The Firefly arrived in a beautiful case, and opening it was like a scene out of Pulp Fiction, as radiant, plush green velvet cradles and hugs this classy, elegant acoustic. Santa Cruz is shying away from saying “parlor” and “travel guitar” when describing the Firefly because of the potential baggage associated with those terms. That will, however, clue you in to the dimensions of this instrument, which are on the smaller side. At 24", the scale length is almost one-and-a-half inches shorter than that of a Santa Cruz D series dreadnought. The Firefly’s body is almost three inches narrower at the lower bout than its D series sibling, but has roughly the same depth—a factor that will come into play as we discuss its tone.
Cosmetically, the Firefly sports a minimalist aesthetic on its front side with a discrete but perfect cedar top, understated ivoroid rosette, an ebony fretboard with small mother-of-pearl dots, and Ibony bridge pins. The glamour begins with the beautiful Brazilian rosewood headstock facing and cool Santa Cruz logo. The headstock foreshadows the Firefly’s Brazilian rosewood back and sides, which are utterly drop-dead gorgeous. Santa Cruz prides itself on being a very green company that uses only reclaimed wood, so this incredible specimen of Brazilian is more than 70 years old. According to SCGC’s president, Richard Hoover, this is both ecologically and sonically sound.
“None of the wood on this guitar was cut from living trees,” he says. “That’s the right thing for the environment, and a great side benefit is that this old wood sounds so much better.”
On the subject of sound, let’s just cut right to the chase. I’ve never reviewed a guitar that has caused so many people to instantly utter some variation on the phrase, “This might be the best guitar I’ve ever played in my life.” It’s tough to put into words what happens when you pick or strum the Firefly, but here goes: The sound is full, loud, and lively, with an amazing clarity and definition from string to string. The sustain is downright incredible, and the treble response is beautifully musical. Everyone who hears this guitar was floored by how much depth and power emanated from such a small body. That’s partly because of the great care Santa Cruz takes to tune the guitar’s top to match the resonance of the body cavity, and the way the company varies the top’s thickness—from thin at the edge to slightly thicker at the middle—to make it respond more like a speaker cone.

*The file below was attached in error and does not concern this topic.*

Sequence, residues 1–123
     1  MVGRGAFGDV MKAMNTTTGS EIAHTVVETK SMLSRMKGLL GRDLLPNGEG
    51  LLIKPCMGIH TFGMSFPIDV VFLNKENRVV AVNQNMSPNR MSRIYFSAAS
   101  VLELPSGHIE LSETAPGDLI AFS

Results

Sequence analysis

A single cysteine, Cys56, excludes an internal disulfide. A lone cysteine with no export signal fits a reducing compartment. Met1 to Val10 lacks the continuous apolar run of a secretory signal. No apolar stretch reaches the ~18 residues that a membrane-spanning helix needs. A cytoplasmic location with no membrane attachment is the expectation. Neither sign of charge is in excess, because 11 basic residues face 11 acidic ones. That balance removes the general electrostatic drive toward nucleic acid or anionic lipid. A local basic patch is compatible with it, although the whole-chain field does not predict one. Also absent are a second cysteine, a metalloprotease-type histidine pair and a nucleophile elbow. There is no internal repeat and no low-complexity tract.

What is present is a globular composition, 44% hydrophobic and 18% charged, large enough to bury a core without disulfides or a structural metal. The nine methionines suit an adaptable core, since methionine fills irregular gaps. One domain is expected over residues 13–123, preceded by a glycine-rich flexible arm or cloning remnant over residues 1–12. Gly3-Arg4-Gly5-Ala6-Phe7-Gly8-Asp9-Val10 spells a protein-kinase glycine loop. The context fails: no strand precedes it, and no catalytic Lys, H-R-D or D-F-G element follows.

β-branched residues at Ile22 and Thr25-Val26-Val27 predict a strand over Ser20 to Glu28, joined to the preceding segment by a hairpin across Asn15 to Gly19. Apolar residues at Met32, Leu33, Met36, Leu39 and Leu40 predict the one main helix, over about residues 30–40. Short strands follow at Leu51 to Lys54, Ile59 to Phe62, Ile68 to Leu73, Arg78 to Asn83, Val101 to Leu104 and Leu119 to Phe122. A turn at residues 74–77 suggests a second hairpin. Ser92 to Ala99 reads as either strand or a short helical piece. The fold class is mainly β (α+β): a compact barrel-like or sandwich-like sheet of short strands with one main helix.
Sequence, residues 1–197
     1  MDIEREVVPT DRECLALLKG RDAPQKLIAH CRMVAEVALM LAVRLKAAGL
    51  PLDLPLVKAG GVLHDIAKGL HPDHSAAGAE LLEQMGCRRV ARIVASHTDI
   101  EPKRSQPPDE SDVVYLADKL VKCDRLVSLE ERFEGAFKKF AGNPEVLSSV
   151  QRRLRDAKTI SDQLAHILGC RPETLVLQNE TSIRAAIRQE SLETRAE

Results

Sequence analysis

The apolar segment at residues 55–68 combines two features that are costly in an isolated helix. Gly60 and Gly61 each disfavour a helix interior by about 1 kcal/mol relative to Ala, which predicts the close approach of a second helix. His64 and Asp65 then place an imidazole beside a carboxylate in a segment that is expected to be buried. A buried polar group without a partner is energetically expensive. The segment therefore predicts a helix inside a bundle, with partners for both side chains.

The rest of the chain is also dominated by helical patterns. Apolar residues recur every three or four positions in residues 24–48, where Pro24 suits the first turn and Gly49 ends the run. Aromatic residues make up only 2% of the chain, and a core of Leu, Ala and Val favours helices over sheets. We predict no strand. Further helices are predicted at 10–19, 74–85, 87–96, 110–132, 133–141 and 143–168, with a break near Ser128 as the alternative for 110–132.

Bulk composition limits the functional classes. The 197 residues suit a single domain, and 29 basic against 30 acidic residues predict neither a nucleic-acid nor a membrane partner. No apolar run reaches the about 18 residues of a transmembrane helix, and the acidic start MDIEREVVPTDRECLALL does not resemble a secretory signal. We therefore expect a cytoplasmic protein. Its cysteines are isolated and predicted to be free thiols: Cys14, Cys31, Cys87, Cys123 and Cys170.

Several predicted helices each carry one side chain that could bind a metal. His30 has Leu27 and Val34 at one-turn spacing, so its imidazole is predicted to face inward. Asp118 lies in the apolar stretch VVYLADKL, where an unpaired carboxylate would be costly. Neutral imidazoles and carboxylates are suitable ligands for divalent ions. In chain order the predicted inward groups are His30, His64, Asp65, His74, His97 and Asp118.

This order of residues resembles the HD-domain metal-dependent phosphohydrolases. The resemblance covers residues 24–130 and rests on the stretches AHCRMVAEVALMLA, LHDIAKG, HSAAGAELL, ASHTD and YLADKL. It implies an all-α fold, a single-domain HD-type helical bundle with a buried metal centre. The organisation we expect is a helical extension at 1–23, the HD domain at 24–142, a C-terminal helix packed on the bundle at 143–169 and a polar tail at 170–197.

There is no frequency cancellation whatsoever with this guitar, and its overtones are rich and complex. Hit a chord, and the notes seem to dance around in mid air with ever-changing color and timbre. The medium action allows you to dig in as hard as you want, and the Firefly just keeps delivering, with no squashing or compression. My favorite approach was a hybrid pick/fingers technique—which really brought out all the guitar’s nuances.
Every once in a while you play a guitar that just puts it all together—an instrument that simply nails the elusive recipe of top-quality materials, impeccable workmanship, ravishing good looks, and stellar sound. The Firefly has all of those things in glorious abundance. This guitar is absolutely overflowing with tone, riffs, and songs that spill forth effortlessly no matter who plays it. Obviously, the Firefly isn’t cheap. You could knock three grand off the price if you went for Indian rosewood instead of Brazilian, and most of us still couldn’t afford it. But here’s something to think about: No one who has played this guitar has said it wasn’t worth its lofty price tag. It’s a handmade work of art, and we should all own a guitar like this some day. This isn’t just the best small-bodied guitar I’ve played in years (giving Hall of Fame status to my awesome little Martin). This is one of the best guitars I’ve ever played period.